Interaction

Missionaries perform for the newly called Mission President and their wives
Missionaries perform for the newly called Mission Presidents and their wives

President Monson recalled a conversation he had with President Spencer W. Kimball who said, “When I interview a missionary, I don’t say to him, ‘Are you doing this or that wrong? Do you have this problem or that problem?’ Rather, I say, ‘Tell me what you most admire about your companion.”  President Monson continued to say that this type of interaction promotes a positive tone for the rest of the interview. He also counseled the couples to get to know the missionaries under their care, having one-on-one conversations with them, ask about their backgrounds, family, ambitions and goals.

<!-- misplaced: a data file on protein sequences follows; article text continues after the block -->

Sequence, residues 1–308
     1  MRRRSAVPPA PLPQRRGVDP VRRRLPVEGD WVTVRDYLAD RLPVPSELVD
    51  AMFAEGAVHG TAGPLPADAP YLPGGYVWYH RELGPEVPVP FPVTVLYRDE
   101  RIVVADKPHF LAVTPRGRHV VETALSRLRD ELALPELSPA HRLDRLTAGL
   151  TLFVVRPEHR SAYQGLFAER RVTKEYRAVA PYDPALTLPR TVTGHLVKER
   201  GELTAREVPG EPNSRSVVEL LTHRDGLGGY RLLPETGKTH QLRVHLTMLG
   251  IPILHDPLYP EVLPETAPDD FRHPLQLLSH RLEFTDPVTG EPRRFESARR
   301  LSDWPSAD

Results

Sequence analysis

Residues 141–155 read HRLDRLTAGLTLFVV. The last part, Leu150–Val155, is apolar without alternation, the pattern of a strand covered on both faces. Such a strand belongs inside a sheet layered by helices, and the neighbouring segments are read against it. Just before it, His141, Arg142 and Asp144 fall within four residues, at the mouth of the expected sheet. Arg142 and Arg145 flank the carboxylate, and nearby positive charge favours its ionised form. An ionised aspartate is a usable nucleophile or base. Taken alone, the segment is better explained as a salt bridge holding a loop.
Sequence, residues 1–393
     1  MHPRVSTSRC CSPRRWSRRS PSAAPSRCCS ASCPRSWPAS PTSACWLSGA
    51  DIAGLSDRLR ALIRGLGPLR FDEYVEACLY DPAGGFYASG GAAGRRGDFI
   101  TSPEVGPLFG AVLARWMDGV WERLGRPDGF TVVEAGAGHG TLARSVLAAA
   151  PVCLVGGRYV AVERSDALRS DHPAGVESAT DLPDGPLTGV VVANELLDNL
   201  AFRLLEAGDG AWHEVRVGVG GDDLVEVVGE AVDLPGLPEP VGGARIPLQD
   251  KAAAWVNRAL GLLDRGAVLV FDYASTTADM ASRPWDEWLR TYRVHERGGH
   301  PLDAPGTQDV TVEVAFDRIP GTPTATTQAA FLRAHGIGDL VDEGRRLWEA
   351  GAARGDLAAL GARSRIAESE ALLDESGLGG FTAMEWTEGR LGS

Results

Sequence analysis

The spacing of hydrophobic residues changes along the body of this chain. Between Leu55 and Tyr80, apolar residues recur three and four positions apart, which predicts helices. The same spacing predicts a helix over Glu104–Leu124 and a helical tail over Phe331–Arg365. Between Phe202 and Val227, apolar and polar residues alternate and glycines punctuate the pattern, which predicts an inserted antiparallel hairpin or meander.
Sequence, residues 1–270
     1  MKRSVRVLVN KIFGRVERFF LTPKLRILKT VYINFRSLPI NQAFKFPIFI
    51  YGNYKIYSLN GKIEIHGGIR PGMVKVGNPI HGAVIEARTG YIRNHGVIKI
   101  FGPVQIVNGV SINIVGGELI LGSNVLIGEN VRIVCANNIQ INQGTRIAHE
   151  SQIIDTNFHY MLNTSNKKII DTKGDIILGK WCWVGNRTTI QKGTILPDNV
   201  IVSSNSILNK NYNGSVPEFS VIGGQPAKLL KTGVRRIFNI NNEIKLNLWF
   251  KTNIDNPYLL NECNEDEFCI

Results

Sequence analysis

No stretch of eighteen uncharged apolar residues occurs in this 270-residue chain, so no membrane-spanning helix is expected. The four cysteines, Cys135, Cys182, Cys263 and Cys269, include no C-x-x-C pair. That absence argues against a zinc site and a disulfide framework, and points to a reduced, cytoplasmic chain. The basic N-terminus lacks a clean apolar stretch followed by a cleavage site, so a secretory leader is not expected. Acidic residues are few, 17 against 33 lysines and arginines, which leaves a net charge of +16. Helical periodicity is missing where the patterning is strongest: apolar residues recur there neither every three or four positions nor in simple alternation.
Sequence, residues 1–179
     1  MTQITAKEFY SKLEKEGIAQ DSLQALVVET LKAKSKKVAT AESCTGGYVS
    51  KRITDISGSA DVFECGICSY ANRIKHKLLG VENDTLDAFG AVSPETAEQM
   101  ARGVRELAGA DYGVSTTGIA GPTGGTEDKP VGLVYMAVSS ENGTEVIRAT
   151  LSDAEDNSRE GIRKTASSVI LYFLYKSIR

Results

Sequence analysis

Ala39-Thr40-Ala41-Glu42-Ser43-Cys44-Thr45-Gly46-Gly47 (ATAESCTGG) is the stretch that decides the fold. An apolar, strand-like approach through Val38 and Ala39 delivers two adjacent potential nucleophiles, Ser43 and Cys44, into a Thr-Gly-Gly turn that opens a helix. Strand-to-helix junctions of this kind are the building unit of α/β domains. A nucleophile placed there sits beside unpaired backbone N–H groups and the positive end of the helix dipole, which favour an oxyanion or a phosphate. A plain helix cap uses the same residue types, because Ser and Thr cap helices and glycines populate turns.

On Preparation Day and the Monson Rule

[quote_box_left]”Do nothing on preparation day that would rob you of your spirituality.” [/quote_box_left]One day each week missionaries have a day to prepare for the rest of their week when they are not expected to actively proselyte. This is the time that missionaries typically use to do laundry, write their family and participate in recreational activities before they are back to proselyting that evening. He gave some direction on how to handle “p-day” activities, “I think a guide which will aid you in handling the motivation of missionaries on preparation day is to tell them this: Do nothing on preparation day that would rob you of your spirituality. I might point out that we have no preparation evening. Every evening should be a proselyting evening.”

He then introduced the Monson Rule,

An email every week from each missionary to his or her parents. I like to tell missionaries that it isn’t significant how much they write but that they be certain to write.